We have collaborated with the Hara, Ahlgren and Sorenson laboratories in formulating a quantitative understanding of various aspects of islet development from their data. Although the islets of Langerhans occupy only about 1% volume of the pancreas, they play a critical role in the homeostasis of blood glucose. Islets have three major endocrine cell types. Alpha and beta cells secrete glucagon and insulin for counteracting low and high glucose levels, respectively. Delta cells secrete somatostatin which inhibits both glucagon and insulin secretion. Islets range in size from clusters of a few cells to several thousand cells. Furthermore, different species have different islet architectures. Rodent islets have a characteristic structure where beta cells are located in the islet core, while alpha and delta cells are distributed on the islet mantle. In human islets, on the other hand, non-beta cells are also distributed within the islet core. In spite of this anatomical knowledge, we still do not understand the design principles of islet architecture: the functional importance of islet size, and cell arrangement. Our analysis of endocrine cell arrangements in about 20,000 individual human islets showed that human islets are not a random mixture of endocrine cells, but that beta-cells prefer to be in contact with each other as in rodent islets. This is relevant to islet physiology in that the coupling beta-beta contacts observed in T2D may reduce essential couplings between beta-cells resulting in inefficient insulin secretion. Our study of islet architecture has led us to hypothesize that islet morphology differences between species may be due to species-specific endocrine cell fractions, rather than species-specific cell-cell adhesion properties. We have carried out model simulations that support our hypothesis. We are collaborating with the Foty laboratory (UMDNJ) to confirm this experimentally in endocrine cell lines. We are modeling cell-cell interactions to predict alterations in islet function that follow from changes in islet composition. We are continuing our collaborations with the Hara and Ahlgren (Ume) laboratories to model the dynamics of islet size distributions under various conditions, such as pregnancy and obesity.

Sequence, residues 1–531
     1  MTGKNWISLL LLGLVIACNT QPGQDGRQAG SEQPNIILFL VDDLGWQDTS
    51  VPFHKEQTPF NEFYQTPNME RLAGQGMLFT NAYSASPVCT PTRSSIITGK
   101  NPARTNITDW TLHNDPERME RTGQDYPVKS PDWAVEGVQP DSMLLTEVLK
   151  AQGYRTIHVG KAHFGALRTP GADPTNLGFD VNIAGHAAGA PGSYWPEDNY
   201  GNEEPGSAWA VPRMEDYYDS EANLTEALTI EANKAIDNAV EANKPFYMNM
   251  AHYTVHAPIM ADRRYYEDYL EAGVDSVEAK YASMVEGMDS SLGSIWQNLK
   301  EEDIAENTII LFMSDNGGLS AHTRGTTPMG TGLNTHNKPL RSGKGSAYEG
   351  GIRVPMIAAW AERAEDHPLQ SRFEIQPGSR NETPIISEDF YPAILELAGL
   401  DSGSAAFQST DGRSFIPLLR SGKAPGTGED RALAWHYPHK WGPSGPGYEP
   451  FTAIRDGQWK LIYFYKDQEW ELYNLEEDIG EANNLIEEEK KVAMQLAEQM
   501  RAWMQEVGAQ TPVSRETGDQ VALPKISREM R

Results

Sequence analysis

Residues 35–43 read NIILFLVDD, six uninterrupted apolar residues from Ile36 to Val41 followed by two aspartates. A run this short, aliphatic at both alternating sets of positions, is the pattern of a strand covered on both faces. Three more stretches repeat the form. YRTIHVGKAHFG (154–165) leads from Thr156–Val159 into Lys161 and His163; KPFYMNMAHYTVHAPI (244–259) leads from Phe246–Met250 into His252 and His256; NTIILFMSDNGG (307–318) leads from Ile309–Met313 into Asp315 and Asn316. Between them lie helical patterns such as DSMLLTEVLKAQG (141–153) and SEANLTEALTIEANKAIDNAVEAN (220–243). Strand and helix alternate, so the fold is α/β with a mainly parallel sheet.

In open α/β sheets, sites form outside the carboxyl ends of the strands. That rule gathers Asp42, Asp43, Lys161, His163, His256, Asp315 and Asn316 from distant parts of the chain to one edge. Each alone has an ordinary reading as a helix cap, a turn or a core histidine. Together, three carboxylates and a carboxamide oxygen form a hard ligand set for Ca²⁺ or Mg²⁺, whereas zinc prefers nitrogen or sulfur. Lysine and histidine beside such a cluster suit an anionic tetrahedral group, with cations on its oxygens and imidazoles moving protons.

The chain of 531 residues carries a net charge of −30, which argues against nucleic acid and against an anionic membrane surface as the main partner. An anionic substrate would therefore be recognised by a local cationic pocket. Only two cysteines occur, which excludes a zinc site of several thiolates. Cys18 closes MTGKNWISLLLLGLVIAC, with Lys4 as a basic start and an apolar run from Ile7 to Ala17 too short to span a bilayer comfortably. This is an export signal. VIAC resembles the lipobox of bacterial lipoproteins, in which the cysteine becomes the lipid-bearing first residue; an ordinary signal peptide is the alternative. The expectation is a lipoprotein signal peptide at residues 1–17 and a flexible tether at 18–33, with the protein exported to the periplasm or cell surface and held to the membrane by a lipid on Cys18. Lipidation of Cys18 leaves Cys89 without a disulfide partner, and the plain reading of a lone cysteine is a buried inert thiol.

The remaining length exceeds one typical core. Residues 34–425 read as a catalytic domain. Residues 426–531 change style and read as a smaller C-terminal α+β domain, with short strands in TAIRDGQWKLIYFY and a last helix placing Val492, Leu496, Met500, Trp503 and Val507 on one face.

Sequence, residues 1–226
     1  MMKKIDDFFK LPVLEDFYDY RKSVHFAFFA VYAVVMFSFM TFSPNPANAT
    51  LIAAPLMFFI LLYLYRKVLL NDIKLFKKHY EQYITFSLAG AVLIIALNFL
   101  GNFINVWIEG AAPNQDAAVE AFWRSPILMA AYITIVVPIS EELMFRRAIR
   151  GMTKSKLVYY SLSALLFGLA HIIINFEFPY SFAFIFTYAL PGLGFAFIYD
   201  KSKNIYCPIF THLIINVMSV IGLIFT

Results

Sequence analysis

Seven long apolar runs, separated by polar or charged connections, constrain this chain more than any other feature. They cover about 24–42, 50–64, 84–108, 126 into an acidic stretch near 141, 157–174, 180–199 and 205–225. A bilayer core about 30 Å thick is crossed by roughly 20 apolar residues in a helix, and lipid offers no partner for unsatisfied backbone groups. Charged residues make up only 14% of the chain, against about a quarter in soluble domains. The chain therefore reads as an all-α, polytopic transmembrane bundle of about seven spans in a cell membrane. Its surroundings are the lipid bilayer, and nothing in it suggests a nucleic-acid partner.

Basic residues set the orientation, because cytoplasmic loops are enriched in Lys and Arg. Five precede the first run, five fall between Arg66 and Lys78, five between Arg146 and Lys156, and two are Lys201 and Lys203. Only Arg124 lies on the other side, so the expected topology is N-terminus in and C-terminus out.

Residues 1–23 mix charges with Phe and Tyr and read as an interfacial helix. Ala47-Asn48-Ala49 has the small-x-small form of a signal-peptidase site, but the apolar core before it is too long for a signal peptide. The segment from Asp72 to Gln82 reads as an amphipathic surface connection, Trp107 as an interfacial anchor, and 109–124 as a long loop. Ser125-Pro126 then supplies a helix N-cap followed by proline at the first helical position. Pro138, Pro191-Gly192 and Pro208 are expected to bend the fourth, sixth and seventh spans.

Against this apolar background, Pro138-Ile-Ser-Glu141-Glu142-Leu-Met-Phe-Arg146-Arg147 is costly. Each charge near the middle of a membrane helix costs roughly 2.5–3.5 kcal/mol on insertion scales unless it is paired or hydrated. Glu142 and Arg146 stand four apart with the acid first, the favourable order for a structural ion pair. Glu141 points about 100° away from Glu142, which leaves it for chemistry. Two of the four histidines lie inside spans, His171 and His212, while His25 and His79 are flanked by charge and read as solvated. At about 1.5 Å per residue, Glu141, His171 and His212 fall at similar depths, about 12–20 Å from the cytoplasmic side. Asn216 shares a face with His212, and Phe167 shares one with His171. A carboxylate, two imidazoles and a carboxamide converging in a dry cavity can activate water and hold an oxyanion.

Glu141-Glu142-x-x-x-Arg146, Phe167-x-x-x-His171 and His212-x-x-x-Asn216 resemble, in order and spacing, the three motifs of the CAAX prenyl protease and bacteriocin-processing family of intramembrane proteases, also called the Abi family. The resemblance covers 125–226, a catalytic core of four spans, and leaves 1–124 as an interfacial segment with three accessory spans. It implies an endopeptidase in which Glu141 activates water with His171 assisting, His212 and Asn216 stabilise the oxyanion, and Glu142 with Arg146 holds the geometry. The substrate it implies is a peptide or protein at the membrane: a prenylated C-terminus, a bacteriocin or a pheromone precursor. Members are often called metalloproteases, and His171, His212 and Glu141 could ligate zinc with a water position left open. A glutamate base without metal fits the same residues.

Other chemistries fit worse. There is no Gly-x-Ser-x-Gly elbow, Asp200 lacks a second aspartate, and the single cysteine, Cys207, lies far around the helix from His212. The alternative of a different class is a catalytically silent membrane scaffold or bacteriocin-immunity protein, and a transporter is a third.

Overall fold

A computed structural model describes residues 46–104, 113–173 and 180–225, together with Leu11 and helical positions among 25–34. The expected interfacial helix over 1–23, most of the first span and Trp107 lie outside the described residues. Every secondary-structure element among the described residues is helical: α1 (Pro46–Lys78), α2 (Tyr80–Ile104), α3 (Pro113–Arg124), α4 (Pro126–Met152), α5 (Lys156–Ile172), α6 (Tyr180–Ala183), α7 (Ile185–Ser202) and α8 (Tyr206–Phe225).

Project Start
Project End
Budget Start
Budget End
Support Year
5
Fiscal Year
2013
Total Cost
$95,824
Indirect Cost
City
State
Country
Zip Code
Jo, Junghyo; Hornblad, Andreas; Kilimnik, German et al. (2013) The fractal spatial distribution of pancreatic islets in three dimensions: a self-avoiding growth model. Phys Biol 10:036009
Furchtgott, Leon A; Chow, Carson C; Periwal, Vipul (2009) A model of liver regeneration. Biophys J 96:3926-35